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Scheduling Black Sen., Reps. Last at AG Nominee’s Hearing Like ‘Being Made to Go to the Back of the Bus’

Rep. Cedric Richmond threatens violence over cop-pig painting

January 12, 2017

Rep. Cedric Richmond (D-La.), wanting publicity,  expressed outrage Wednesday that the Senate Judiciary Committee scheduled him, Sen. Cory Booker (D-N.J.) and Rep. John Lewis (D-Ga.) to testify last during a panel of witnesses at Sen. Jeff Sessions’ (R-Ala.) confirmation hearing for attorney general.

“First, I want to address my concerns about being made to testify at the very end of the witness panels,” Richmond said in his opening statement. “To have a senator, a House member, and a living civil rights legend testify at the end of all of this is the equivalent of being made to go to the back of the bus. It is a petty strategy, and the record should reflect my consternation at the unprecedented process that brought us here.

“My record on equality speaks for itself, and I don’t mind being last, but to have a living legend like John Lewis handled in such a fashion is beyond the pale, and the message sent by this process is duly noted by me and the 49 members of the Congressional Black Caucus and the 78 million Americans we represent and the over 17 (million) African-Americans that we represent,” he added.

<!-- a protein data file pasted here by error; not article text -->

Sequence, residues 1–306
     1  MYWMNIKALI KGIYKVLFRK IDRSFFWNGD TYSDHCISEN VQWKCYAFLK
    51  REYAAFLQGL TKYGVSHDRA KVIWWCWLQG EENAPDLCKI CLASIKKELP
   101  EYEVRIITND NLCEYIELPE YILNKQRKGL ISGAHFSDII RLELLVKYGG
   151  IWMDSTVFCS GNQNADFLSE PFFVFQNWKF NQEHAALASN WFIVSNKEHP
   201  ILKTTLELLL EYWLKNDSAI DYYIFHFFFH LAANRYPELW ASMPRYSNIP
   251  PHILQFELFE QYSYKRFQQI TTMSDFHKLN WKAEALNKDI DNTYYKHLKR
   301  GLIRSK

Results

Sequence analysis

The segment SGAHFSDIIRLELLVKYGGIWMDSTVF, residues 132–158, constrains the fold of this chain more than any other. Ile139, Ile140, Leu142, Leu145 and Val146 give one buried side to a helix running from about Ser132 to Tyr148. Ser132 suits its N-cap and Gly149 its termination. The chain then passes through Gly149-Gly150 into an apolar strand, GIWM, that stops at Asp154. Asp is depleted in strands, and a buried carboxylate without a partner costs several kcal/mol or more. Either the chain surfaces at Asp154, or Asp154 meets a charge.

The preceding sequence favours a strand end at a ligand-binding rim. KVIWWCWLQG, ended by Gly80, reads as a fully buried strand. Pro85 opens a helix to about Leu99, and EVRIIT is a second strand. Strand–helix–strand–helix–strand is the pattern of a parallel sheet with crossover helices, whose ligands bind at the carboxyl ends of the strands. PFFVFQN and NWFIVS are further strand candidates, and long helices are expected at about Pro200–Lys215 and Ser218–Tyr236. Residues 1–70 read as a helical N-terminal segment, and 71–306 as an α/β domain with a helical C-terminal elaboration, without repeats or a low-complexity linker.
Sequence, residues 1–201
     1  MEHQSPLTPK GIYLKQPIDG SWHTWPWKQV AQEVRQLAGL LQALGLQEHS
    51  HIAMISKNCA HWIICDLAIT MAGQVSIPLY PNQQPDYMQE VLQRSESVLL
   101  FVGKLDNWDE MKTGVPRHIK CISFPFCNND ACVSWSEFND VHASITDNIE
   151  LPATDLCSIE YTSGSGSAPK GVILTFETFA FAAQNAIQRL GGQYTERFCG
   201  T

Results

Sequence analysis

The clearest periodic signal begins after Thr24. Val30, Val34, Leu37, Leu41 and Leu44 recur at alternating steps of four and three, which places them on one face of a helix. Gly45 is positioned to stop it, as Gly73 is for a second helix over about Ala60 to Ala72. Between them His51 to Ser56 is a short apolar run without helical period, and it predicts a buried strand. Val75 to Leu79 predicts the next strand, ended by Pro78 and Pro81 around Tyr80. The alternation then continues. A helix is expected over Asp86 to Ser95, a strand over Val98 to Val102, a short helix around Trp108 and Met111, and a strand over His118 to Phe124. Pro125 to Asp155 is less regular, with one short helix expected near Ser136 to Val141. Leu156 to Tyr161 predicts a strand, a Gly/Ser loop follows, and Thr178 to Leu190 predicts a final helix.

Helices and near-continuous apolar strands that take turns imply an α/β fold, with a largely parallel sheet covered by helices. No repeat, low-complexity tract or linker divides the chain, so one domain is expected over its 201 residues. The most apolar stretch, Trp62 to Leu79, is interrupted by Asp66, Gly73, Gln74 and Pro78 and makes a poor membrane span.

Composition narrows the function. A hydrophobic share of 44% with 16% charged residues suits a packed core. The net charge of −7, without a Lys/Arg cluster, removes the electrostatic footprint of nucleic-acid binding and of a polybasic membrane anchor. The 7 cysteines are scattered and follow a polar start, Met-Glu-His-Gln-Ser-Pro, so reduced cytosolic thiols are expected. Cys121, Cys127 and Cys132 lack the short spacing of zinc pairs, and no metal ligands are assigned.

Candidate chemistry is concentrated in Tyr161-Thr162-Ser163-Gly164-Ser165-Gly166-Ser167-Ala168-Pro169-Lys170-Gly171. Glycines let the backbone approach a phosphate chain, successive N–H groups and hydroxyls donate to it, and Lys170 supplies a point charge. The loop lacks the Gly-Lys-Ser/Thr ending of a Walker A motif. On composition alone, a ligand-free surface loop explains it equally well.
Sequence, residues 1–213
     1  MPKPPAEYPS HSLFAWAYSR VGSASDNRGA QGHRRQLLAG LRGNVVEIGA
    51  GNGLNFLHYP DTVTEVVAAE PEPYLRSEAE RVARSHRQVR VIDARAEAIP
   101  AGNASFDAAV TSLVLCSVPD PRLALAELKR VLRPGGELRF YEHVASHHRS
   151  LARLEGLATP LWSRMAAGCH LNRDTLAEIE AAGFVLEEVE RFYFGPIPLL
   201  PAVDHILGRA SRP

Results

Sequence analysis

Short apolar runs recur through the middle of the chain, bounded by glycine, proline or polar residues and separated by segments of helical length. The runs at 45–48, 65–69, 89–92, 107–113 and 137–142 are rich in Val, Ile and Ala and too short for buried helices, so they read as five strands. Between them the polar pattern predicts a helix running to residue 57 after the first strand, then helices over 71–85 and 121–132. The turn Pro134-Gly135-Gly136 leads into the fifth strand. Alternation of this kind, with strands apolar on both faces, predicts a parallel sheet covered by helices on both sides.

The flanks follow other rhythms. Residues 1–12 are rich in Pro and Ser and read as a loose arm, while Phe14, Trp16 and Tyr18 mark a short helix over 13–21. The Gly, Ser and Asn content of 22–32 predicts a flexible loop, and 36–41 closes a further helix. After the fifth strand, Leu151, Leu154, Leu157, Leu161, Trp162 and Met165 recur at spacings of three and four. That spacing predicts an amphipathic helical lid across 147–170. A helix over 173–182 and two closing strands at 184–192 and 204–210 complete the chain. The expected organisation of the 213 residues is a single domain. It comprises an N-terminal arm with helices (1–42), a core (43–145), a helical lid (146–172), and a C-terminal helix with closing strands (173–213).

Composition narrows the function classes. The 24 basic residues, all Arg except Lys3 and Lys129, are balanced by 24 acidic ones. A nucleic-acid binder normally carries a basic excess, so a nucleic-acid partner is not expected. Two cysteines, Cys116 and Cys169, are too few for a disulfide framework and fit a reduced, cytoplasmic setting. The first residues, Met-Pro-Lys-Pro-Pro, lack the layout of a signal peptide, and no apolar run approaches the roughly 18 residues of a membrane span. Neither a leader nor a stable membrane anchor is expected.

Richmond addressed the fact that the complainants at the center of a 1985 voting fraud case which Sessions prosecuted in Alabama were black, saying, “history is replete with efforts” to recruit other blacks to bring “trumped up charges against law-abiding citizens” engaging in voter education activities.

“Further, on the issue of Senator Sessions’ record of prosecuting the Marion Three, stemming from a complaint filed by African-Americans, I say the following: History is replete with efforts by those in power to legitimize their acts of suppression and intimidation of black voters by recruiting other blacks to assist in bringing trumped up charges against law-abiding citizens who are engaged in perfectly legitimate voter education and empowerment activities,” Richmond said.

“Those tactics were effectively used against former Congressman Robert Smalls and hundreds if not thousands of black office holders and land holders in our post-reconstruction era., and they were used several years ago against Mr. and Mrs. Alfred Turner, who were discussed by this committee yesterday,” Richmond added.